Scarce conservation funding is currently under public scrutiny. “Does it work?” is frequently the overarching question – and if so, is this impact quantifiable?
We have thus seen various impact evaluations studies popping up with single conservation bottom lines (i.e. from year A to B, the intervention X saved Y hectares of habitat or forest carbon). But these isolated results are hardly satisfactory.
For this very reason, a few years ago, scientists Daniela Miteva, Subhrendu Pattanayak and Paul Ferraro called for a scientific upgrade- what they call Conservation Impact Evaluation 2.0. Their new approach sought to answer the following questions: How do quantitative impacts of different policy tools compare? How do impacts contextually vary, producing heterogeneous effects inside their target areas? Can we account for spillover effects towards adjacent, non-targeted areas? What are the simultaneous effects on local livelihoods? And, by the end of the day, how cost-effective are these interventions?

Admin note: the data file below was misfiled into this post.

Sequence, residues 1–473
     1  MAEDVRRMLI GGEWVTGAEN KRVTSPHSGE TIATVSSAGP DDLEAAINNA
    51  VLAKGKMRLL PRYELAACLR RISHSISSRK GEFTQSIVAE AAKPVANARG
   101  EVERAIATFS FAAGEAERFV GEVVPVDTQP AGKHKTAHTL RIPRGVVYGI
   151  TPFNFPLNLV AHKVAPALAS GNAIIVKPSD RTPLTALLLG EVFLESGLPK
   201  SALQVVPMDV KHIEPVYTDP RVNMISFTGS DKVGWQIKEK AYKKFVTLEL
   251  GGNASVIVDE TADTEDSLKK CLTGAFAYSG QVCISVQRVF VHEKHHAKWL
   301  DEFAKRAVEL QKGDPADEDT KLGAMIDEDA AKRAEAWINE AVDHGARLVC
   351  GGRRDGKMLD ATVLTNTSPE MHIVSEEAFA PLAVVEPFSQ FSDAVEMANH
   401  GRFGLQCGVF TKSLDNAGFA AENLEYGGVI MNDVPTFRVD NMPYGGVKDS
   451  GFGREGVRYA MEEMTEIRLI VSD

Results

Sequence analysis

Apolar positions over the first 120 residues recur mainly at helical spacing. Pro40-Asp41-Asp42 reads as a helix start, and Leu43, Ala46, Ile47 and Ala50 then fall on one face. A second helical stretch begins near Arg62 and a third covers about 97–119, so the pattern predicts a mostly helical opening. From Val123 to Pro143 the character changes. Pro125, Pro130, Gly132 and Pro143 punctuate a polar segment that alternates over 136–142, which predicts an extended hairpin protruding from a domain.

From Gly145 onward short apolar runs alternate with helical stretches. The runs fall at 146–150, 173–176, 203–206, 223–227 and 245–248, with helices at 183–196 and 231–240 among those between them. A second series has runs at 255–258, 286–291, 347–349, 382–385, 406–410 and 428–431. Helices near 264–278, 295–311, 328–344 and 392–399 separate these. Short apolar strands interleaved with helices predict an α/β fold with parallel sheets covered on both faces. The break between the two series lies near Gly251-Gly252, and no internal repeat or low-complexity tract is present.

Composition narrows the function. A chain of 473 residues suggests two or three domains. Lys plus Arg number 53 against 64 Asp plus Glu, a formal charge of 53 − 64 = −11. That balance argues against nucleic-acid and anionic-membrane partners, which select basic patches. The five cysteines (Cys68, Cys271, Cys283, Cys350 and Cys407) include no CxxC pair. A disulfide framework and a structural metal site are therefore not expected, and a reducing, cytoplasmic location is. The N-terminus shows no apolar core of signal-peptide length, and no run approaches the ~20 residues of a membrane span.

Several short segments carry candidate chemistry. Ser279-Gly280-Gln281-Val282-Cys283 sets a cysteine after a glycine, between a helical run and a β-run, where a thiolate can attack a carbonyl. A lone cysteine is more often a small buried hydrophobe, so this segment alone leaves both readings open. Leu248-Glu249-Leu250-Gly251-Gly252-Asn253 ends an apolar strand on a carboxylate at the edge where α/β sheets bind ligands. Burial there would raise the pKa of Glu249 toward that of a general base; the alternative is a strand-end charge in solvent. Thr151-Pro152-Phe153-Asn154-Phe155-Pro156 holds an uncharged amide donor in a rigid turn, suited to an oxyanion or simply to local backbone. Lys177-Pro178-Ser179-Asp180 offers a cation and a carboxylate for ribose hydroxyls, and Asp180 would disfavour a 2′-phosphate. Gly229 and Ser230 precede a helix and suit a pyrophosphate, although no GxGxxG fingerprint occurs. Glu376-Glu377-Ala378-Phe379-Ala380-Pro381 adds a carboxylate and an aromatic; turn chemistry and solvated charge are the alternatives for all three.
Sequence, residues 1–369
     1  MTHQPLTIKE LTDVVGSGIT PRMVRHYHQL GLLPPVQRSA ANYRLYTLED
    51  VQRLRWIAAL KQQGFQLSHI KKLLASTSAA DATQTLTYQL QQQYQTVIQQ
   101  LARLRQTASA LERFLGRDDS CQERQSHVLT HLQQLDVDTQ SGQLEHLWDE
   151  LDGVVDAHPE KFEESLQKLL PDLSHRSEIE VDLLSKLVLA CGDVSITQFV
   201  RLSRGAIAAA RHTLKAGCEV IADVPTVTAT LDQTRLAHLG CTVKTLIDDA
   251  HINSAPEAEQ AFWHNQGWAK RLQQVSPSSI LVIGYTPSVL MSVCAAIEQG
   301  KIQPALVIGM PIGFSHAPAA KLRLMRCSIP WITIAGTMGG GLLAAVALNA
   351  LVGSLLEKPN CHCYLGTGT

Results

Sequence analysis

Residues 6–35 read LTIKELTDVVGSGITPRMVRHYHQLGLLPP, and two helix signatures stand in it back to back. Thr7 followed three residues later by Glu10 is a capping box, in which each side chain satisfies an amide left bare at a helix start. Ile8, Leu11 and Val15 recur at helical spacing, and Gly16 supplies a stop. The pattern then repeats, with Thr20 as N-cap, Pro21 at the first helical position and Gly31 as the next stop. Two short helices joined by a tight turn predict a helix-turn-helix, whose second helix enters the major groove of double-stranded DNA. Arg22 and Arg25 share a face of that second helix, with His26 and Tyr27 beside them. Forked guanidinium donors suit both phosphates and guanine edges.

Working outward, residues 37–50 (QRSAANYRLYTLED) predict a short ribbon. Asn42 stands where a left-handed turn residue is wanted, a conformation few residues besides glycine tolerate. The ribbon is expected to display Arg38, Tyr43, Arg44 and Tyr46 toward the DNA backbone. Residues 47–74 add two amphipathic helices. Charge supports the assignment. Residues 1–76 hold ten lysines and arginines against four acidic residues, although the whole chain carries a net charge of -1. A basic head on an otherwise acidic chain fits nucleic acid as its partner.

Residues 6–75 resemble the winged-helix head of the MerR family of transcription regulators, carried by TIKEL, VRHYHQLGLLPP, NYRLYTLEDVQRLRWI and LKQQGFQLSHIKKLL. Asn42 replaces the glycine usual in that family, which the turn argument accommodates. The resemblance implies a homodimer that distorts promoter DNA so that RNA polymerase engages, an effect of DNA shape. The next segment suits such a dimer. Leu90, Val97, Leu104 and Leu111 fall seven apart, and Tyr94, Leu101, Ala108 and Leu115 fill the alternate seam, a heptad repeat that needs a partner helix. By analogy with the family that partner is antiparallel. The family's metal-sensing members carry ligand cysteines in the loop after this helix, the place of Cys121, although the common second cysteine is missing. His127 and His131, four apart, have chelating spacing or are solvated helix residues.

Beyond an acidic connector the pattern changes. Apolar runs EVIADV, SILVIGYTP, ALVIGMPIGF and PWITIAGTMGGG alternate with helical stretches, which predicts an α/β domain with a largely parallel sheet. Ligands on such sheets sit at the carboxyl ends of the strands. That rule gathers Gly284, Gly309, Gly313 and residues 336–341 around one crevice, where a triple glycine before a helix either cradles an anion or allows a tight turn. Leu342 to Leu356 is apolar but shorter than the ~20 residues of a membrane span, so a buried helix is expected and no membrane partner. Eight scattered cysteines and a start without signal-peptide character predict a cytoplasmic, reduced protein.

All these questions, and more, are now being answered in a comprehensive and innovative new article authored by Katharine Sims from Amherst College and Jennifer Alix-Garcia from the University of Wisconsin-Madison. In the article, which was published in the Journal of Environmental Economics and Management, the authors juxtaposed conservation sticks and carrots in Mexico.